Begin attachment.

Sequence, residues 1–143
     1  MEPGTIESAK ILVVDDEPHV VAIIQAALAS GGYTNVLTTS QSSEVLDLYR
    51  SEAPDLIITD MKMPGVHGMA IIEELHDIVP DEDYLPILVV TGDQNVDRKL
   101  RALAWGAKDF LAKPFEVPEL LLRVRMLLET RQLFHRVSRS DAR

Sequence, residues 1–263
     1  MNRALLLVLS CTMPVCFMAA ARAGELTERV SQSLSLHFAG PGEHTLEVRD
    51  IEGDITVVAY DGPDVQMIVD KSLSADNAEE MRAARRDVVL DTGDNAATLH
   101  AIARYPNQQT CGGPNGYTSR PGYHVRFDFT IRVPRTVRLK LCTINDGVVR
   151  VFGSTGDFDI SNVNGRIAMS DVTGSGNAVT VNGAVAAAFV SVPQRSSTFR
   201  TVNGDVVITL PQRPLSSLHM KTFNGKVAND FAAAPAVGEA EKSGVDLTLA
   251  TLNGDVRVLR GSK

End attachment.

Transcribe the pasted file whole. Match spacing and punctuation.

Sequence, residues 1–143
     1  MEPGTIESAK ILVVDDEPHV VAIIQAALAS GGYTNVLTTS QSSEVLDLYR
    51  SEAPDLIITD MKMPGVHGMA IIEELHDIVP DEDYLPILVV TGDQNVDRKL
   101  RALAWGAKDF LAKPFEVPEL LLRVRMLLET RQLFHRVSRS DAR

Sequence, residues 1–263
     1  MNRALLLVLS CTMPVCFMAA ARAGELTERV SQSLSLHFAG PGEHTLEVRD
    51  IEGDITVVAY DGPDVQMIVD KSLSADNAEE MRAARRDVVL DTGDNAATLH
   101  AIARYPNQQT CGGPNGYTSR PGYHVRFDFT IRVPRTVRLK LCTINDGVVR
   151  VFGSTGDFDI SNVNGRIAMS DVTGSGNAVT VNGAVAAAFV SVPQRSSTFR
   201  TVNGDVVITL PQRPLSSLHM KTFNGKVAND FAAAPAVGEA EKSGVDLTLA
   251  TLNGDVRVLR GSK